The New York pension system is out of control. In addition to the extravagant, irresponsible and under-reported negotiated levels of benefits, there is an additional characteristic of the system that is never talked about. There is a huge break that goes to New York retirees; anyone who gets a retirement pension from New York State, or any locality or agency (teacher, firefighter, etc) pays no city or state income tax on that pension money. This hearkens back to the days when New York workers were so underpaid that this benefit was warranted.
It should be noted that nearly a decade ago, that provision of New York state law was declared federally unconstitutional. It was determined that New York state could not exclude federal retirees from the tax exemption The courts gave New York two options: make New York government pensions taxable, or add federal workers to the list of non-taxable agencies. Of course, New York chose the latter, thereby adding to the state budget deficits.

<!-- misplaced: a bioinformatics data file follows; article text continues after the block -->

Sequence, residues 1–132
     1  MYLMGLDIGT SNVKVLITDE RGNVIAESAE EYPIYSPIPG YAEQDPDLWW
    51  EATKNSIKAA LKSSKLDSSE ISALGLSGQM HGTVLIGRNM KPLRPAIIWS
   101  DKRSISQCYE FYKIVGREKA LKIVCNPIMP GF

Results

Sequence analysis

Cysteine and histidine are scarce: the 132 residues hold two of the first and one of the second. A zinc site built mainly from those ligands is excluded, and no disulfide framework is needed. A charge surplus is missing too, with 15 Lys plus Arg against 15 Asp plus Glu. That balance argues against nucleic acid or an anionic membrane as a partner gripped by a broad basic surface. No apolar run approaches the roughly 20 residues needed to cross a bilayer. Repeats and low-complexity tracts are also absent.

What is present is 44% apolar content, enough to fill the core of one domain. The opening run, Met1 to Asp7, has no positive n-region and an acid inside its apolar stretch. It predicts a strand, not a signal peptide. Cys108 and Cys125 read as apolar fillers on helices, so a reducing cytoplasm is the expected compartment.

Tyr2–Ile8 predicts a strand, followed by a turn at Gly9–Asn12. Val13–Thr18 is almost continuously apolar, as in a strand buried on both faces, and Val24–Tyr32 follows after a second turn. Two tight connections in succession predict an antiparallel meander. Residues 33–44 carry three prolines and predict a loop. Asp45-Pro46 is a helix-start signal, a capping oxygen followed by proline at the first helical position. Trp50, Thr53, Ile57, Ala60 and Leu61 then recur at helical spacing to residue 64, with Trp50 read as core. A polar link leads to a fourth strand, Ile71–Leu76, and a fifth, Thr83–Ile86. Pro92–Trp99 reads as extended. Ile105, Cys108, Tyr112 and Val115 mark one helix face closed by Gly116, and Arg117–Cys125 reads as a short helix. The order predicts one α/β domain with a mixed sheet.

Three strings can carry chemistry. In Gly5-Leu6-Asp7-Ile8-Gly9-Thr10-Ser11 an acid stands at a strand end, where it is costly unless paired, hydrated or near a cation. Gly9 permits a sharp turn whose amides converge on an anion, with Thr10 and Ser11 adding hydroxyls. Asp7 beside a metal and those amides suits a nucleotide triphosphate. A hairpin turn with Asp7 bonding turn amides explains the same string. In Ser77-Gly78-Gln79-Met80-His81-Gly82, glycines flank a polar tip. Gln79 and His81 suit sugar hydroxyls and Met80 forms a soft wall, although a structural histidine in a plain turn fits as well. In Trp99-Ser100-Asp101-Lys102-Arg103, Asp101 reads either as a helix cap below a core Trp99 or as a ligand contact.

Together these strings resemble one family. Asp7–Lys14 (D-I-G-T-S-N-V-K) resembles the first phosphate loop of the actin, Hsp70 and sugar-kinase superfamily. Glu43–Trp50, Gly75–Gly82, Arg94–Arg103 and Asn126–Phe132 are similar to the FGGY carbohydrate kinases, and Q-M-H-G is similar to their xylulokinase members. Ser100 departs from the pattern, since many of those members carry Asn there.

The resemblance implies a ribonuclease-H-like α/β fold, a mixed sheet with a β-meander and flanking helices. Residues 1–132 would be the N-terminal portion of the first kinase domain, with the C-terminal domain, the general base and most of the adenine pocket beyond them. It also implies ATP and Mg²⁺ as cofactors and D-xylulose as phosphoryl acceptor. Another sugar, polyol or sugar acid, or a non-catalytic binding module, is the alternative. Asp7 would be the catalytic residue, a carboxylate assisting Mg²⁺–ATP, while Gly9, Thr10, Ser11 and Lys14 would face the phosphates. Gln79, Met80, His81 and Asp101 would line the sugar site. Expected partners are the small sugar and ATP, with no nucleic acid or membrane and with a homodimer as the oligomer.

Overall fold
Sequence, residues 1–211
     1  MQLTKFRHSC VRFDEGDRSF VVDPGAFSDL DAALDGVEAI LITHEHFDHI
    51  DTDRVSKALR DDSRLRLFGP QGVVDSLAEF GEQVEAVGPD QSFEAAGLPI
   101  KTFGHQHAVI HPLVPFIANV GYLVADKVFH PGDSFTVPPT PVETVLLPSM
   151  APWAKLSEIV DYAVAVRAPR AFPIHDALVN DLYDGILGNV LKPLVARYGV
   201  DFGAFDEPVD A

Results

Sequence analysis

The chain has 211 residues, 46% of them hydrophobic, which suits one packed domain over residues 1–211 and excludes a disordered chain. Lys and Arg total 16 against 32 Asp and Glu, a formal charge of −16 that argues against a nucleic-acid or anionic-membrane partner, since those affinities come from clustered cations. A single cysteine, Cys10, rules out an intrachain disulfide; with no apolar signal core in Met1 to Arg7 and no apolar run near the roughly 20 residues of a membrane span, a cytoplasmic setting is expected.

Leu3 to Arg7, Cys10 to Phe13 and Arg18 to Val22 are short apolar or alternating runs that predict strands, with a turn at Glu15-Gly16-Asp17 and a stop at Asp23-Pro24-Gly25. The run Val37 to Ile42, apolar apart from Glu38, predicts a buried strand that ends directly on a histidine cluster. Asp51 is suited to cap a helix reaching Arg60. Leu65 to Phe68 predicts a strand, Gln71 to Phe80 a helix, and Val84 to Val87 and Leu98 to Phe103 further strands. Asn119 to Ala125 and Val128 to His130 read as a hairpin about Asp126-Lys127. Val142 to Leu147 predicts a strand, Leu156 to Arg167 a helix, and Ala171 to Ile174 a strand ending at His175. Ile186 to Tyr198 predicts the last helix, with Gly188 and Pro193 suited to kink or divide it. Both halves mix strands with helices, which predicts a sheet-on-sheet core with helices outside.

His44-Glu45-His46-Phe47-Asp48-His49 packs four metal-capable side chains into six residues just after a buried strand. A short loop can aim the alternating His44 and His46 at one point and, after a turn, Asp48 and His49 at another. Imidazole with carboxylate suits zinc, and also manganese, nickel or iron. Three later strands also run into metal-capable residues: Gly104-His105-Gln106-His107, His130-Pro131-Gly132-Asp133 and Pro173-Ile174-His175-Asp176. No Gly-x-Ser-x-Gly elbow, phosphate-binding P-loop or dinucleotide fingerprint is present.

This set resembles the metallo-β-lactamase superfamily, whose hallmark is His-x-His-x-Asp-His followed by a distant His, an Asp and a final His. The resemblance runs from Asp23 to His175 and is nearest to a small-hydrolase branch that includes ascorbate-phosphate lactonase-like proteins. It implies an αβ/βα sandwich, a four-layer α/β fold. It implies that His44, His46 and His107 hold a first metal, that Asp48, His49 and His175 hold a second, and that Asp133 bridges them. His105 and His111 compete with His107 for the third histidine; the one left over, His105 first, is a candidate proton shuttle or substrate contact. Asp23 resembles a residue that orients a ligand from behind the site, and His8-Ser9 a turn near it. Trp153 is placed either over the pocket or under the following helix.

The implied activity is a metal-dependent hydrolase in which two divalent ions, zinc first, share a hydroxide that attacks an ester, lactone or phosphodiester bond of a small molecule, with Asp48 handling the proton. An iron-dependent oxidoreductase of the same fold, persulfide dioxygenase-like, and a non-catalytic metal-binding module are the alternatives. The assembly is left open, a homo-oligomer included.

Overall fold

Even though historically, public sector employees earned less than what those skills would command in the private sector, that is clearly not the case today. Study after study has shown that public sector compensation – which includes retirement pensions – has steadily outpaced its private sector counterparts in recent years. New York is among the worst offenders.
This state of affairs must be reversed. Allowing the exempted retiree pensions to be taxed the same way other retiree pensions would accomplish two goals: 1) lessen the compensation disparity with private sector employees, and 2) severely reduce the New York budget deficit by providing additional revenue to the state.